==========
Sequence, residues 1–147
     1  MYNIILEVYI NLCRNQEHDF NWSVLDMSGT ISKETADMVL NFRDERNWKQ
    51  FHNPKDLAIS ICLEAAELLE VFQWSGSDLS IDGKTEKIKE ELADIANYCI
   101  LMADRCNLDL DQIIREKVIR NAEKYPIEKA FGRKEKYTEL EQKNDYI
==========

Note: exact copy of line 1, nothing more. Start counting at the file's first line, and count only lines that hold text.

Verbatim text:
Sequence, residues 1–147